In ?Chandra? (Oxford University Press, Oxford, Oxford, 2004), Frances Mary Hendry, a Scottish writer who won two Awards for this novel, depicts the plight of an 11-year-old girl who is married, after having to stop her education despite topping her class, to a boy in Jaisalmer in the desert of Rajasthan. The father believes in marrying her before she starts getting ?flighty like Western girls?.
This is an arranged marriage. The girl has not even seen the boy, except in a photo. After the fairy-tale wedding, she is sent off alone on a journey from Delhi to Jaisalmer. It is only on reaching the remote farm that she learns that Roop, her husband, is no more. In spite of knowing this, her parents have sent her here. Tradition demands that the bride stays with the in-laws.
She hears women shrieking and wailing. The father-in-law refuses to answer her touching his feet as a sign of respect. The blame for her husband?s death is squarely placed on her. The mother-in-law is clear about it when she moans ?Why did you have to marry such a snake? My son!? Chandra is cursed, struck and spat on by everyone.
She is beaten up with sticks and thorny branches, her hair is pulled out, she is ridiculed. When she says she wants to return home, she is treated as insolent . Secluded, she is condemned to live like a pariah, and serve the family. She is smeared with ashes. For her mother-in-law, she is unclean; her sight carries misfortune. She must therefore keep her distance from everyone.
But Chandra will not take it lying down. Drawing inspiration from goddess Durga and from what her teacher used to say about not being silly and about justice for all, and with the help of an older widow in the family, she will escape to her grandmother?s place ? not without difficulties. People will follow her, watch her, and try to abduct her during a visit to a market. But a low-caste man she met on her journey back will protect her. Her grandmother will arrange for her to be adopted by a relative in Scotland.
?Chandra? takes a swipe at blind faith and rigid adherence to tradition: the tradition, in certain parts of India, that dictates that widows are accursed and may have to beg for a living, and be forever servile to the husband?s family.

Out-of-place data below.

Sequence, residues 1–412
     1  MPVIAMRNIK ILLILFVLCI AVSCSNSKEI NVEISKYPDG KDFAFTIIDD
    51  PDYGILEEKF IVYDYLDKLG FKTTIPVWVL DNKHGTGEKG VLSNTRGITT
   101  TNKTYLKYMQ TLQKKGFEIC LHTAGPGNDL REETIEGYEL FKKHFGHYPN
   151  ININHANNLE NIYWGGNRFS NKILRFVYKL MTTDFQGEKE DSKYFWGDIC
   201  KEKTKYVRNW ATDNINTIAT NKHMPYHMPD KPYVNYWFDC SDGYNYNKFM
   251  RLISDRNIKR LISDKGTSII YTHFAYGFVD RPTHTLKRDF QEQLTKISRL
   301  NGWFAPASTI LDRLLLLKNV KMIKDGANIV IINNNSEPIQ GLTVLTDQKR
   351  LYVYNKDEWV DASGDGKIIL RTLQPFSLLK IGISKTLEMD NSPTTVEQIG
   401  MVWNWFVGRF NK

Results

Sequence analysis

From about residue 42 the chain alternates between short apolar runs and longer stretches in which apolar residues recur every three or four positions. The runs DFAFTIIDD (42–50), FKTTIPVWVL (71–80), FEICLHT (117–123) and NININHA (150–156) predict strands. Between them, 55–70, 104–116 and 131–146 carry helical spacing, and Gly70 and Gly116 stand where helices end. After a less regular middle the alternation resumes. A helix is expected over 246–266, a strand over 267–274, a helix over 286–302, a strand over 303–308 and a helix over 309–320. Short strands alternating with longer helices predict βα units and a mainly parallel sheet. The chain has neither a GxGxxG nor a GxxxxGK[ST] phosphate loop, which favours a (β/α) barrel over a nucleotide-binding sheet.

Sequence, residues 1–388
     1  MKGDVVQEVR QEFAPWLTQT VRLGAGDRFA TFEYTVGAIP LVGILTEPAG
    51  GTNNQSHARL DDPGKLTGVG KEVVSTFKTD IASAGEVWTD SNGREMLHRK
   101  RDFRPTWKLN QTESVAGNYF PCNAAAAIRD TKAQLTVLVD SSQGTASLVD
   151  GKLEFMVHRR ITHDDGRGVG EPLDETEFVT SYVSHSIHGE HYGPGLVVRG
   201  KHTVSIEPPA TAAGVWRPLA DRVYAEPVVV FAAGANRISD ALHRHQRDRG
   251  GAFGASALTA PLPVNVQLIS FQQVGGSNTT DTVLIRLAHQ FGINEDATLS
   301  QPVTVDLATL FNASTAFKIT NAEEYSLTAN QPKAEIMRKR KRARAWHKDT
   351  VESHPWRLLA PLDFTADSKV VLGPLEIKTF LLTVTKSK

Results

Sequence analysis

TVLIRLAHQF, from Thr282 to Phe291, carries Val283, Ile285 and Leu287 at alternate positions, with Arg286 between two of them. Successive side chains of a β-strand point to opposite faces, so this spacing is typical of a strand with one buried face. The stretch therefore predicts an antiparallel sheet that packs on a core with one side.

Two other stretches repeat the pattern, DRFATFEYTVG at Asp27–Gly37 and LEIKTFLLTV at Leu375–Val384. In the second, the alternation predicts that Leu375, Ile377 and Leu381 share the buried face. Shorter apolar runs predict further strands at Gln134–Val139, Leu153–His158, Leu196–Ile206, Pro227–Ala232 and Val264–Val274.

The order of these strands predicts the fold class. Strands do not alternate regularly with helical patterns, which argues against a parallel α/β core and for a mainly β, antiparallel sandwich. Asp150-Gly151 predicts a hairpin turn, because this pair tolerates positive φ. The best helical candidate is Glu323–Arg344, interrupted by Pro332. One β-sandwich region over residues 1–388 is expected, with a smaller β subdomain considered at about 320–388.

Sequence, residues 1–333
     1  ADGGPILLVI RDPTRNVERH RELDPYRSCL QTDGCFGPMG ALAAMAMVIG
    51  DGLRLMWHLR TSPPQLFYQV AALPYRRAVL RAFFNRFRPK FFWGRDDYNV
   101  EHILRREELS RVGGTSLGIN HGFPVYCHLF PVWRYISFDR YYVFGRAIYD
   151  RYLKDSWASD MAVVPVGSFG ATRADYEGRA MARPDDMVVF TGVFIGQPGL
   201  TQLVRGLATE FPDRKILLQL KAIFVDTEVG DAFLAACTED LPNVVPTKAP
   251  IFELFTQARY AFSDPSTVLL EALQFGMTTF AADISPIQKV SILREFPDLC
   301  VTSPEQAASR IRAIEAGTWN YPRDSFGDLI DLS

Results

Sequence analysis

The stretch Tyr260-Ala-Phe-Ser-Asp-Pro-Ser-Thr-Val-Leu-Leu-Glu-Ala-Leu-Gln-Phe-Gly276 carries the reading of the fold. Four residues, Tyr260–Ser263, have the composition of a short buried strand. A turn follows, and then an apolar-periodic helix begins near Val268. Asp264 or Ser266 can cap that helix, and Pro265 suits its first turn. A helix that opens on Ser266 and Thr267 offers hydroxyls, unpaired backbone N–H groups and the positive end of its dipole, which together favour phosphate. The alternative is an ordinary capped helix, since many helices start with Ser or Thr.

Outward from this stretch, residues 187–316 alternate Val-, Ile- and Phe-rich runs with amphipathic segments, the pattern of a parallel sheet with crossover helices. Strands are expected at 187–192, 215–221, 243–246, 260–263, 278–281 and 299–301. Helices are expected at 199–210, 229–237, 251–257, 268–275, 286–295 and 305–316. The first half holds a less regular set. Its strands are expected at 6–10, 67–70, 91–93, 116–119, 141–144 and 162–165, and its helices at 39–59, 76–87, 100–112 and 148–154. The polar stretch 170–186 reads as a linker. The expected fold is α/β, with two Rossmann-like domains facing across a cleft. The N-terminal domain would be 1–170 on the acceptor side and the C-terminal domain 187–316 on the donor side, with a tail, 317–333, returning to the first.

However, if we have here a conservative family which believes in child-marriage, which is illegal by the way, and which tenaciously holds that a son is a blessing, a daughter a curse, we also have Chandra?s doting grandmother and the Mukherjees who shelter her. We have the low-caste unemployed man who fights tooth and nail to give Chandra her freedom. And we have the relatives who adopt her and love her. As long as there are such understanding and open-minded people around, there is hope for all those in the situation of Chandra.
Lack of education
Ignorance is due to a lack of education. It breeds all sorts of misconceptions, which cause people to behave irrationally, to the point of embittering the innocent lives of others. When one is blind, one fails to see the consequences of one?s actions. Believing in tradition is one thing. Going to extremes is another. The book dramatises the conflict between rigid belief and liberal attitudes. If the father-in-law quips that ?No woman in my family will ever shame me by going outside to be stared at by every man in town, or working as if her men folk can?t afford to keep her,? there are people around Chandra to stand up for her rights. The archaic views and intolerable attitudes of Chandra?s father and her father-in-law make you feel sick and indignant.
The author, unfortunately, tends to be too descriptive and does not explore enough the psychology of the protagonist. It must be said though that she has the right word in the right place, which makes reading enjoyable. Certain unusual combinations are remarkable: ?she must be guarded-warded; Don?t look so white-fright; When I am not aching-creaking from the beatings; ; Such a fright-sight; I shiver-quiver at the sound; England is chilling-freezing all the time.?
The book, in spite of a contrived ending, is interesting for the issues it raises: child-marriage, widow-slavery, the power of tradition, the necessity to combat ignorance through education, the respect owed to the rights of children and male dominance.